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Intensive Care Med Exp. 2015 December; 3(Suppl 1): A863.
Published online 2015 October 1. doi:  10.1186/2197-425X-3-S1-A863
PMCID: PMC4796153

Determinants of downloads and citations for articles published in intensive care medicine

Introduction

Medical publications undergo a comprehensive process of editor's handling, peer reviewing and editing that intends to select manuscripts that are both likely to be read and cited.

Objectives

This study is part of a global quality improvement process for articles published in Intensive Care Medicine.

Methods

All papers accepted in 2012-2013 have been tracked through the Web-of-Science database for referencing and the Springer link statistics report for downloads from 01/01/2013 to 12/31/2014. Relative risk of being downloaded or cited one time are modeled with a multiple negative binomial regression.

Variables tested were submitting country, manuscript category, open access, key-words, topics, number of author, and H-index of first and last author.

Results

Among the 404 articles, 304(61%) were original (including 59 pediatric), 46(11.5%) were review articles (including 10 Conference Reports and Expert Panel papers), and 32(8%) were experimental. Major topics were sepsis (21%), ventilation(20%) and hemodynamic(16%). Only 6% of the papers were in open access. The median (IQR) number of authors per articles was 7 (5-9), with H-index of first and last authors of 9(4-16) and 23(15-37), respectively. The total number of 2013-2014 downloads was 696[467-1083] and the total number of 2013-2014 cites was 6 (4-11) per article.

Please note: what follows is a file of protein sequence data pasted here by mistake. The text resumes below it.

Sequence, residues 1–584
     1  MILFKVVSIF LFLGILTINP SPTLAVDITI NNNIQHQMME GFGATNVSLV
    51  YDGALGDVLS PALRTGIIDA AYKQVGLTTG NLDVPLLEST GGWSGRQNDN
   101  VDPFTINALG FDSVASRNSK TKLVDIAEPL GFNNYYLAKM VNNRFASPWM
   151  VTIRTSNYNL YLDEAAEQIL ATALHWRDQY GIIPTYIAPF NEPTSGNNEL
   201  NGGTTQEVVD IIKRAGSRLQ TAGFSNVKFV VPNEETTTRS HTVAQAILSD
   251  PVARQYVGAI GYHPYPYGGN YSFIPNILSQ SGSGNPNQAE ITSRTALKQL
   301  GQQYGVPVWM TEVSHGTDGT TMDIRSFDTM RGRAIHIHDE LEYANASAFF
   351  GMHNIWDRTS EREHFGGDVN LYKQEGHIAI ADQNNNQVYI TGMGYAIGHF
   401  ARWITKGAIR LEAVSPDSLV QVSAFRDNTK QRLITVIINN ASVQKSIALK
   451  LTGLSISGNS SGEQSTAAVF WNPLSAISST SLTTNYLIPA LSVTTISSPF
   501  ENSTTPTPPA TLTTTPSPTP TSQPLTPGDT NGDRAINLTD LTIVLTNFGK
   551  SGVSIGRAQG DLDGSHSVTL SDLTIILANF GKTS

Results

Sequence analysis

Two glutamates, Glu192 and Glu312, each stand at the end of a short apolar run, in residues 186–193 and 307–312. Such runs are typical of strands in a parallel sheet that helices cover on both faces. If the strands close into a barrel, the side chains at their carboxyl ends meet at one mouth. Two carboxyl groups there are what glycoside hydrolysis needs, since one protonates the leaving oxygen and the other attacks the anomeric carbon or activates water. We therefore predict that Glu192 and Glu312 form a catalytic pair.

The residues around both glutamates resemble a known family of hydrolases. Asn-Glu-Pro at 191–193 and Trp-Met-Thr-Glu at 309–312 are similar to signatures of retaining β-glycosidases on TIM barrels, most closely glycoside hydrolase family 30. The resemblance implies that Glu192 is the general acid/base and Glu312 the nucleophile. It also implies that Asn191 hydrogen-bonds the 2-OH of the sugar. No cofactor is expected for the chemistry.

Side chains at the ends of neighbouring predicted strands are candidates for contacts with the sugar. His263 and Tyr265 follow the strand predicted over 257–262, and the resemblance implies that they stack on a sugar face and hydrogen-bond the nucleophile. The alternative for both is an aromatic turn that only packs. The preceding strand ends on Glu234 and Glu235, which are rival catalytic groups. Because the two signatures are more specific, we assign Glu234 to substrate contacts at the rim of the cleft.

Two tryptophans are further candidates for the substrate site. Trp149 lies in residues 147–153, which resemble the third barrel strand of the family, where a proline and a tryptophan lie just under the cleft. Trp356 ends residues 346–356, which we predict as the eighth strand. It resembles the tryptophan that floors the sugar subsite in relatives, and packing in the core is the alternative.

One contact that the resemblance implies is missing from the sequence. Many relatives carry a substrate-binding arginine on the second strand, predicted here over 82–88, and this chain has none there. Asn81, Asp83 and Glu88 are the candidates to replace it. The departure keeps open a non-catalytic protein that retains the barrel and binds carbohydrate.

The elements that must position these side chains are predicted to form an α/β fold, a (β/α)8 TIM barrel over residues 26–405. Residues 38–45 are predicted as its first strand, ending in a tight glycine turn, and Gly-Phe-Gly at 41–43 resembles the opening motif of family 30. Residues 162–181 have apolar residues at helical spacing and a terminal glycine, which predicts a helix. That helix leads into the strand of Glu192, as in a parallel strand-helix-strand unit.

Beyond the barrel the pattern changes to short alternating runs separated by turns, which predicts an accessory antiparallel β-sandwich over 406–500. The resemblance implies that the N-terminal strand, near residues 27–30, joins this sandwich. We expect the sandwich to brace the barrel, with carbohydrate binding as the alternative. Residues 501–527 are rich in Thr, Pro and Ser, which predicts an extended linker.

Independent predictors of downloads included five groups of variables. Namely, the second trimester of each year (RR = 1.31(1.06-1.63)) for 2012 and 1.29(1.07-1.57) for 2013), manuscript's keyword with “septic shock” (RR 1.57(1.22-2.02)); manuscript type (Conference Reports and Expert Panel, RR 20.4 = (13.79-30.2); original (vs. experimental), RR = 1.97 (1.61-2.41), review articles, RR 4.28 (3.31-5.52), and what's new papers 3.18 (2.35-4.31). Open access papers were significantly more downloaded (RR 1.49 (1.18-1.87)). Last, the H index of the last author was significantly associated with the number of downloads (H-index>37, RR 1.2(1.04-1.40)).

Independent predictors of cites included: manuscript type (Conference Reports and Expert Panel, RR 4.6(2.52-8.41), review articles, 3.55(2.39-5.28), and original manuscripts, RR 1.8(1.23-2.63); Number of authors (7-9 (RR = 1.24(1.01-1.52)), >9, RR 1.5(1.21-1.87)); and H index of the first author (4-9, RR = 1.21 (1.01-1.45), 10-16, RR = 1.35 (1.1-1.65), and >16, RR = 1.36(1.12-1.66). Open access papers were more likely to be cited (RR 1.31 (1.01-1.70)).

Conclusions

This study provides key elements to improve our understanding of what makes a paper read or cited. Optimizing use and identification of manuscript's keywords appears as a simple and major way to improve access to ICM articles. Seasonal download variation by overcommitted critical care specialists underline the need to increase the access of our articles by the use of press release, tweets and take home messages through social and specialized media. Last, possibility for articles of being open accessed improved their impact.


Articles from Intensive Care Medicine Experimental are provided here courtesy of Springer-Verlag